He Was Falsely Accused Of Rape By ‘The Lovely Bones’ Author. New York Will Pay Him $5.5 Million.

The man wrongfully convicted of raping “The Lovely Bones” author Alice Sebold will receive $5.5 million in compensation from New York state.

Anthony Broadwater spent 16 years in prison for allegedly raping Sebold, who detailed the alleged crime in her 1999 memoir, “Lucky,” The Daily Wire previously reported. Broadwater was exonerated on November 22, 2021, more than 20 years after his prison sentence ended in 1999.

After his name was finally cleared, he sued the state of New York for $50 million for unjust imprisonment and the decades he spent on the sex offender registry stemming from his wrongful conviction. Now, the state has agreed to pay him $5.5 million to settle the lawsuit, The Daily Beast reported.

One of Broadwater’s attorneys told Gothamist that his client was “relieved” by the settlement, calling the original conviction “the epitome of racism.”

Broadwater’s attorneys have signed the settlement agreement, as has the New York attorney general’s office, but it still has to be signed by a judge to be finalized, The New York Times reported.

Sebold had written in “Lucky” that she was a first-year student at Syracuse in May 1981 when she was raped. Sebold, who is white, claimed she saw a black man months later and believed he was her attacker.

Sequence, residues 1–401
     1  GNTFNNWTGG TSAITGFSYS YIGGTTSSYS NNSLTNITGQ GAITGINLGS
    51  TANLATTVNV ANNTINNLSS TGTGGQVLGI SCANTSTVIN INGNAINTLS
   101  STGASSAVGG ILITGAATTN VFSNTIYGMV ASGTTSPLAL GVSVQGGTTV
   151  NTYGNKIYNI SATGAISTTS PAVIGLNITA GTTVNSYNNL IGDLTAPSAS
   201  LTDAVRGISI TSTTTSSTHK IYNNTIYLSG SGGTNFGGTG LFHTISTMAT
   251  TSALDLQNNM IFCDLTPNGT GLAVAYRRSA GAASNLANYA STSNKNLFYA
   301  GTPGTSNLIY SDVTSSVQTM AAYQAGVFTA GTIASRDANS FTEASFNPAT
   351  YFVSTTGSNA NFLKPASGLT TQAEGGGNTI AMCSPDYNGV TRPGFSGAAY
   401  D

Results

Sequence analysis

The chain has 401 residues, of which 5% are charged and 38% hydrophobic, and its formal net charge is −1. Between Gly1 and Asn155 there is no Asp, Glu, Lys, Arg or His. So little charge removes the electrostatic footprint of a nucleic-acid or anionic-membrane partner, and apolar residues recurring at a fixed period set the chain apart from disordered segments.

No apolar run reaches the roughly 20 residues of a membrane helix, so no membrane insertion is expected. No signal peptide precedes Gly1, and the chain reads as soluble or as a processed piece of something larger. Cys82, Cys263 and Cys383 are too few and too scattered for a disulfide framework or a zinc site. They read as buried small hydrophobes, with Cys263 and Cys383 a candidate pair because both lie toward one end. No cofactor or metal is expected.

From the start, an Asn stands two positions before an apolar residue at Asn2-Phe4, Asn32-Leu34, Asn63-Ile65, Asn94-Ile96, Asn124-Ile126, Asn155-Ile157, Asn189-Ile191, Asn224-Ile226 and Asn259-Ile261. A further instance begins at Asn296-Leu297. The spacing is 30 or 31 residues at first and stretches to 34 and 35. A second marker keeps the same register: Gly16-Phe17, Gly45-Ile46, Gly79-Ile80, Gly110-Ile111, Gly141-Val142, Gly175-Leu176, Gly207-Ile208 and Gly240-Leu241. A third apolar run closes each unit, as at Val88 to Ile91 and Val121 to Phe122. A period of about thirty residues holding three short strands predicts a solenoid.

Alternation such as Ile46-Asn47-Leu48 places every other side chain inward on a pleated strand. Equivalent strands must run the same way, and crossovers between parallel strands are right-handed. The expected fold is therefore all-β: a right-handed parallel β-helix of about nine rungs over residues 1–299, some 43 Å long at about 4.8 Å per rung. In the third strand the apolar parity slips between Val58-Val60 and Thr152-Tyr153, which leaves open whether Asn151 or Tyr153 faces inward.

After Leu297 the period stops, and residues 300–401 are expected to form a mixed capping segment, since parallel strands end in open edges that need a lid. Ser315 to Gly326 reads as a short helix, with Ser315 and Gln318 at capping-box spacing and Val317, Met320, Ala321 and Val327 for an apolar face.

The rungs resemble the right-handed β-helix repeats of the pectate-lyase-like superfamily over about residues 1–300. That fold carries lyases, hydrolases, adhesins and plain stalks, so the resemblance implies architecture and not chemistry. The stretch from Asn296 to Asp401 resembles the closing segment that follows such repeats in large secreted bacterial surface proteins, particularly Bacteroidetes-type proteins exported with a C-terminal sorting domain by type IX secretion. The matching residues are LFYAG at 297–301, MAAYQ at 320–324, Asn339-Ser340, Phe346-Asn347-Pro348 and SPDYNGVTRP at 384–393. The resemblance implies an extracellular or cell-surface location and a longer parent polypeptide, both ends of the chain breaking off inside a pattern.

“He was smiling as he approached. He recognized me. It was a stroll in the park to him; he had met an acquaintance on the street,” Sebold wrote. “‘Hey, girl,’ he said. ‘Don’t I know you from somewhere?’”

She wrote that she said nothing in return.


“I looked directly at him. Knew his face had been the face over me in the tunnel,” she wrote.

She later went to the police, not knowing her alleged attacker’s name.

“An officer suggested the man in the street must have been Broadwater, who had supposedly been seen in the area. Sebold gave Broadwater the pseudonym Gregory Madison in her book,” the Associated Press reported.

Sebold was unable to identify Broadwater in a police lineup after he was arrested, instead picking the photo of a different man and claiming, “the expression in his eyes told me that if we were alone, if there were no wall between us, he would call me by name and then kill me.”

During the trial, however, Sebold identified Broadwater as her attacker. The other piece of evidence that led to his conviction came from an expert who said microscopic hair analysis determined Broadwater had committed the crime. As the AP noted, that “type of analysis is now considered junk science by the US Department of Justice.”

Broadwater’s attorney, David Hammond, would later tell the Post-Standard of Syracuse: “Sprinkle some junk science onto a faulty identification, and it’s the perfect recipe for a wrongful conviction.”

Sebold has apologized for getting the wrong man convicted.

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